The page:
denials that it knew what was happening, correspondence to and from Kayum openly referred the bribe-giving.
A senior trader at the Swiss bank UBS was a "master fraudster"
who lost his bank $2.3 billion, imperiling its very existence, through risky deals and deceit in a bid to improve his status,
bonus and job prospects, prosecutors said. Prosecution lawyer Sasha Wass told a British jury that Kweku Adoboli lied to his
employer, invented clients and breached the bank's safeguards against high-risk trading between 2008 and 2011. Adoboli
was a senior equities trader with the bank in London when he was arrested in September 2011 after UBS discovered irregularities
in trading records...The fraud wiped $4.5 billion, or 10 percent, off the share price of Switzerland's biggest bank, Wass
said. (He) "faked bookings, he created false accounts and conducted himself as a master fraudster, deliberately and systematically
deceiving and defrauding the bank which employed him."
“The department and investigative agencies
ultimately concluded that the burden of proof to bring a criminal case could not be met based on the law and facts as they
exist at this time,” the department said...A Senate subcommitteechaired by Sen. Carl Levin, D-Mich., in April 2011 found that Goldman marketed four sets of complex mortgage securities
to banks and other investors but that the firm failed to tell clients that the securities were very risky. The Senate panel
said Goldman secretly bet against the investors’ positions and deceived the investors about its own positions to shift
risk from its balance sheet to theirs.
An Iranian court
has sentenced four people to death for a billion-dollar bankfraud that tainted the government of President Mahmoud Ahmadinejad,
state media reported...Iranians, hit by sanctions and soaring inflation, were shocked by the scale of the $2.6 billion bank
loan embezzlement that was exposed last year and by allegations it was carried out by people close to the political elite
or with their assent. Of the thirty-nine people tried for the fraud - the biggest in the Islamic Republic's history - four
were sentenced to hang, the IRNA state news agency reported. "According to the sentence that was issued, four of the defendants
in this case were sentenced todeath,"
on Friday that losses on its botched credit bet could climb to more than $7 billion and that the bank’s traders may
have intentionally tried to obscure the full extent of the red ink on the disastrous trades.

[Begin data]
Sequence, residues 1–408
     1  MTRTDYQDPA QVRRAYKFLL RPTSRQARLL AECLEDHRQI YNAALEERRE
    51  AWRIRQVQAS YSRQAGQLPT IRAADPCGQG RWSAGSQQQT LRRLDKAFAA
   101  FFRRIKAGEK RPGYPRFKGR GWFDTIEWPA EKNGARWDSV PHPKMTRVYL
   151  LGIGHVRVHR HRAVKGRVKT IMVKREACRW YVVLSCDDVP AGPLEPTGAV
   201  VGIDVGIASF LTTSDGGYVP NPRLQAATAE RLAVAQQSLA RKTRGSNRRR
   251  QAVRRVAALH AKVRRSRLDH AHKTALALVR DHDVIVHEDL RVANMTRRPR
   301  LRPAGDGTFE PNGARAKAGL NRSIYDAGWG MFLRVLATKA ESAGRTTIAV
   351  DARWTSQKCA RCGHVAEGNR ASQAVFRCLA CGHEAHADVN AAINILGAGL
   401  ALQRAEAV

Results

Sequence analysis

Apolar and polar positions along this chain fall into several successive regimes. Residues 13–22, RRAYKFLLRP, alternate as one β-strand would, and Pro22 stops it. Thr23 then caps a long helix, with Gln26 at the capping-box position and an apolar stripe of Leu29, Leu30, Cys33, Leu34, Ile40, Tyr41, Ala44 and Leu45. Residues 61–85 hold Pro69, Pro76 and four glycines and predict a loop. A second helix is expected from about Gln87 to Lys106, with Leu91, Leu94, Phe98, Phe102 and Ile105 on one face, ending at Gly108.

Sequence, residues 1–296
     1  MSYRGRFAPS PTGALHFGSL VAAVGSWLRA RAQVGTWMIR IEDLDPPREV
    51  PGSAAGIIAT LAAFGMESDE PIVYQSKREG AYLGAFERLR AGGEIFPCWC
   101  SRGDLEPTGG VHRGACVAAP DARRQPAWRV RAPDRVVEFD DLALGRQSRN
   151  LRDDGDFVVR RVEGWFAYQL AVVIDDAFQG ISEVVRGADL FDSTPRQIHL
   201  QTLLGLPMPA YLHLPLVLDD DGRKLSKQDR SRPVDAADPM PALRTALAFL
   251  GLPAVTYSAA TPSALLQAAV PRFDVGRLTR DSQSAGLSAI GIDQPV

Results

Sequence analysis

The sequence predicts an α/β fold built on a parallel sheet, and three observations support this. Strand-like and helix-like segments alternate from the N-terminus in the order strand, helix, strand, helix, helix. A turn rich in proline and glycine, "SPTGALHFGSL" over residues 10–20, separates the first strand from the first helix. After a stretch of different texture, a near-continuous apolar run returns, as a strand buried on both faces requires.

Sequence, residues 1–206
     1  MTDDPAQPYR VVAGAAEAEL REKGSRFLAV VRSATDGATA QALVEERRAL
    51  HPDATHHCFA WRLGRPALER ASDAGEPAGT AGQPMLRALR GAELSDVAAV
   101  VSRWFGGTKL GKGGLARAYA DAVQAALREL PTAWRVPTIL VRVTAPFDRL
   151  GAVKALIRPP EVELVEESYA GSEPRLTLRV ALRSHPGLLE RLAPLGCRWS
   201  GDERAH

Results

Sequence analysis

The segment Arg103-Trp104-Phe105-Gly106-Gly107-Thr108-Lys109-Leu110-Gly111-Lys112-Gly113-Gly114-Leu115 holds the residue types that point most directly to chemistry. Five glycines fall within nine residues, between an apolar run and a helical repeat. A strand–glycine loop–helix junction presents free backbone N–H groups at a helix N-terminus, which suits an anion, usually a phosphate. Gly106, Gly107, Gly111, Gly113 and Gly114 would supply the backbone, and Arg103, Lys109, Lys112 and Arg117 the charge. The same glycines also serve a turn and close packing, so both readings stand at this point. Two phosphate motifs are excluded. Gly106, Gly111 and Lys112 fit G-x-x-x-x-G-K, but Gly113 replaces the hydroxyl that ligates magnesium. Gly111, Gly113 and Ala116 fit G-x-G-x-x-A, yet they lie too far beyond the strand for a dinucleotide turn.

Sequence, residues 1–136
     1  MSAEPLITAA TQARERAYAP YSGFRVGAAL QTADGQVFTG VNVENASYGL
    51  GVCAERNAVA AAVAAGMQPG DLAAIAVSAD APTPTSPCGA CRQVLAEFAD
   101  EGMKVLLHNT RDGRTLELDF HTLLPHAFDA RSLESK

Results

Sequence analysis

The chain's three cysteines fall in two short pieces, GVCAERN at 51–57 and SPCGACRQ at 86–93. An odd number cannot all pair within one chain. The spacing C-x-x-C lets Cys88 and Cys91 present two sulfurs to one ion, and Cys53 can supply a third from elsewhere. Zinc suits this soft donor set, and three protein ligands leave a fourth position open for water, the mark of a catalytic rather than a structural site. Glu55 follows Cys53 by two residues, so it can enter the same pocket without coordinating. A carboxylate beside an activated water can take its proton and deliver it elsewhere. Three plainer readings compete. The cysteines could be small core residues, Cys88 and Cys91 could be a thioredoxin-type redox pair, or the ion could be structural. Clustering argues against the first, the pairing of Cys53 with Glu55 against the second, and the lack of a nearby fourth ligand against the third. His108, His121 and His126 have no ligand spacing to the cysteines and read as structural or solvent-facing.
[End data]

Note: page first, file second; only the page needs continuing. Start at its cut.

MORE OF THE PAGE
Mounting concerns about valuing the trades led the company to announce that its earnings for
the first quarter were no longer reliable and would be restated. Federal regulators, who were already examining the trades,
are now looking at whether employees of the nation’s biggest bank by assets intended to defraud investors, according
to people with knowledge of the matter...
The possible deceptions came to light in a regulatory filing early Friday just before the bank
reported its second-quarter earnings. While the bank posted a profit of nearly $5 billion despite the trading losses of $4.4
billion for the quarter, some analysts and regulators zeroed in on the valuation of the trades.
“If traders misrepresented a fact with the intent to defraud, they can
be subject to criminal charges,” said Alan R. Bromberg, a securities law expert atSouthern Methodist University.
A mixture of accounting moves and rosy assumptions
appear to have masked JPMorgan's London Whale.
MANIPULATION: Here is perhaps the most amazing thing about JPMorgan Chase's (JPM) $5.8 billion trading loss: Take a look at the firm's
overall results, and it's like the London Whale's misstep, one of the largest flubs in the history of Wall Street, never happened.
Back in mid-April, about two weeks before talk of the trading losses emerged, JPMorgan was expected to earn
$1.21 a share in its second quarter. On Friday, JPMorgan reported that it had, Whale and all,earned exactly that.
the bank appears to have offset the huge trading loss is a prime example of how complex and malleable bank profits actually
are, and how much they should be believed. JPMorgan's quarter should give fodder for accountants to talk about for some time...
So how do you make a nearly $6 billion loss go away? First stop taxes. The bank said
that the London Whale's blunder cost the bank $4.4 billion in the second quarter alone. But that's before taxes. After it
pays taxes, though, JPMorgan says the loss will shrink to just over $2.7 billion, which means the bank plans to take a $1.7
billion write off from Uncle Sam. Like any loss, banks are allowed to use trading blunders to offset taxable profits elsewhere
in the bank. The question is the rate. At $1.7 billion, JPMorgan is writing off roughly 38% of the loss...